Dembski’s statement about the cause of evolution or the origin of new species is an accurate distinction that few fail to pick up. Most of the anti ID people assume that ID a mechanistic theory just like natural processes and follows specific patterns. They want to know the specific outcomes the theory predicts trying to compare it to one based on natural laws. They then want to know where are the patterns. But it is just the opposite. It does not follow any patterns as one would expect when an intelligence contravenes the laws of nature. It is the lack of patterns that underlie ID validity. It is the inability of any pattern or process that can explain the outcome that strengthens ID.

    So if others want to play a game with Faded Glory and try to answer his bogus questions, be my guest. But to all who try, it is a fools errand that you are on. Faded Glory is not interested in answers but only how he can find a quibble with anything being said. Else he would have taken a different tack. It is what anti ID people always resort to. They have no evidence or logic. All they can do is play games.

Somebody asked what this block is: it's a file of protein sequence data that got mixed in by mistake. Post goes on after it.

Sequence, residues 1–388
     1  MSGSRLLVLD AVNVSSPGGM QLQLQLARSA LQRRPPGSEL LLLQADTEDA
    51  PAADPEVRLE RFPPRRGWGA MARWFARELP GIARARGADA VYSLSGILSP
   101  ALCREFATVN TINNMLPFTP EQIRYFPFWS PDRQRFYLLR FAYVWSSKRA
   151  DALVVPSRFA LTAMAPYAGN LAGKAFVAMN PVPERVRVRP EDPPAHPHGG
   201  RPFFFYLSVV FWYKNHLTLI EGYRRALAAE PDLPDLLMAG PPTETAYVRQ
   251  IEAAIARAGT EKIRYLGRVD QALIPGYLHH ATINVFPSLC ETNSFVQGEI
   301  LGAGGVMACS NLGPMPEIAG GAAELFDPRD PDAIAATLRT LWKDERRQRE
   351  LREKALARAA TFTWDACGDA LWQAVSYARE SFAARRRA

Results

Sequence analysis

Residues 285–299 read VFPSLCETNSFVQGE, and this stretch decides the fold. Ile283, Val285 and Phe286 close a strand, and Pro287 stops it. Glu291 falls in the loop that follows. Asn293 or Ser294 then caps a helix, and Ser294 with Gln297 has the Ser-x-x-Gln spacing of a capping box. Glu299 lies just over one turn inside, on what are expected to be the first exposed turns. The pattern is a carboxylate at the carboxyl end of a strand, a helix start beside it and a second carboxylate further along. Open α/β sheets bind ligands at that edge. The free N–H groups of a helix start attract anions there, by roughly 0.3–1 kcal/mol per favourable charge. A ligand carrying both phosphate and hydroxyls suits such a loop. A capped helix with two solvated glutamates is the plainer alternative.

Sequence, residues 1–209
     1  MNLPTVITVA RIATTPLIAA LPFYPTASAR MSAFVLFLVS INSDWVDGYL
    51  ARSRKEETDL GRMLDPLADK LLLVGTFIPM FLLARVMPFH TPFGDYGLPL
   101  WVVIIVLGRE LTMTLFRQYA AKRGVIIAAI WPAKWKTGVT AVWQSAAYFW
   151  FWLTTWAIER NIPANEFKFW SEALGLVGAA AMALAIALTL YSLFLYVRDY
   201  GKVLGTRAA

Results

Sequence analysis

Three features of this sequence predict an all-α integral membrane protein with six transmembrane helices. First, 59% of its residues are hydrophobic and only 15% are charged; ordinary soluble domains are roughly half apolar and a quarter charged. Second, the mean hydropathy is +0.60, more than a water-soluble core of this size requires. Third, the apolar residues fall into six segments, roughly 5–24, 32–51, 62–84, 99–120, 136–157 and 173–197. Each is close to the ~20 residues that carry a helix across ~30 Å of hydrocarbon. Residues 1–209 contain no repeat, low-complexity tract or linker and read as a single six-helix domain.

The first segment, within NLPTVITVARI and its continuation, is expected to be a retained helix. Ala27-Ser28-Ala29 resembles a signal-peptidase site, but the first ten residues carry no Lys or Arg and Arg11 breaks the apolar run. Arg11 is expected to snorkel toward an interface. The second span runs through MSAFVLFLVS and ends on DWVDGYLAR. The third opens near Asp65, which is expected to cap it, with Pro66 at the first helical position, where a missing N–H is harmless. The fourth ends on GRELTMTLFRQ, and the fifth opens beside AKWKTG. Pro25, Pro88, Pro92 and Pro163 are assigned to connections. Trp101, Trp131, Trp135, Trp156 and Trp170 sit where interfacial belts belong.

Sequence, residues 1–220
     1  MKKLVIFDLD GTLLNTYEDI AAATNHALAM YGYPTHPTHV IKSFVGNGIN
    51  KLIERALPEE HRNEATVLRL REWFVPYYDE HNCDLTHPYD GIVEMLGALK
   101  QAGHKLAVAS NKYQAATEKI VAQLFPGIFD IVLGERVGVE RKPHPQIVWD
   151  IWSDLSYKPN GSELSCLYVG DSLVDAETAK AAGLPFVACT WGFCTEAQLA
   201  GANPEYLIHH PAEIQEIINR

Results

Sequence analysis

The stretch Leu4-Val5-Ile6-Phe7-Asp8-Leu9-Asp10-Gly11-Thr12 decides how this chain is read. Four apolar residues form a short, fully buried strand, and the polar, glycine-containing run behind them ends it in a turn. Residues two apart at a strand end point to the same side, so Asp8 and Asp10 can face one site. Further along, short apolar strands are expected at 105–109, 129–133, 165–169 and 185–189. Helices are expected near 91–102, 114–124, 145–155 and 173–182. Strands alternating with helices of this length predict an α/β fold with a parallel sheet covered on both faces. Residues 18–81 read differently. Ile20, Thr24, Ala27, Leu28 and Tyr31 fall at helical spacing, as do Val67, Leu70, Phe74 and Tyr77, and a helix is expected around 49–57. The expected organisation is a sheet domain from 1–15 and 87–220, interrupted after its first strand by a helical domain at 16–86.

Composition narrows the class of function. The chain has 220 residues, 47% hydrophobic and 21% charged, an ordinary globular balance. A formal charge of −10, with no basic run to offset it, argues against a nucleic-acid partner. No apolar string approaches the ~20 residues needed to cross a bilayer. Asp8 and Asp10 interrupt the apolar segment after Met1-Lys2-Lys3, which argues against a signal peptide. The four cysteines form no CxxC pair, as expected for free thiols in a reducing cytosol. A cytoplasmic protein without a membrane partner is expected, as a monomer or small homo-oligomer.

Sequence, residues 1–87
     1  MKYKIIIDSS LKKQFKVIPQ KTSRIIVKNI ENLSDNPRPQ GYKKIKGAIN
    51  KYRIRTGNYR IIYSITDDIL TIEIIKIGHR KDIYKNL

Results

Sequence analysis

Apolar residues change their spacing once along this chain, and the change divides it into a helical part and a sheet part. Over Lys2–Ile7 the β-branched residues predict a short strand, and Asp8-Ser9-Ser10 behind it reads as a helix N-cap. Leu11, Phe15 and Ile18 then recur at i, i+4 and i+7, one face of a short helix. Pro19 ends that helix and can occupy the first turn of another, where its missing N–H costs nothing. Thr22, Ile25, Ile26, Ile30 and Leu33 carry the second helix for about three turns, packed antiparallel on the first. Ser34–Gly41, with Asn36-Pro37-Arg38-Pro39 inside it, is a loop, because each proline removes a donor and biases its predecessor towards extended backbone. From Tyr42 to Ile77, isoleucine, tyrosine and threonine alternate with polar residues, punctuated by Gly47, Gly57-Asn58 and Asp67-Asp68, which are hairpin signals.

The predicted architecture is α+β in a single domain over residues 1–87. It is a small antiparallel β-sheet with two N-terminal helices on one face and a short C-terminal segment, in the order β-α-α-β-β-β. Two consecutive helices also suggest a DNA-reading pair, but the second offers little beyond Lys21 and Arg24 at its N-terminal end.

14. Yeah my point is that Darwin’s theory is BS. No way can natural selection and random change- even coupled with chance and natural laws- give you what we see in the world. It is totally improbable and even with the aid of scientists and well funded laboratories we cannot even design or “reproduce intelligently” what evolution supposedly did “unintelligently” and unguided according to Darwin,.

    Any you can talk all about punctuated equilibrium and all of that nonsense- but it is “not an explanation” at all but just a term which tries to “soften” the obvious and almost unanimous fossil record of stasis- going back through the dinosaurs.

    SO my point is NOT that evolution does not occur, obviously. It is that I looked into the pages of

    “The Greatest Show On Earth”

    and it wasn’t.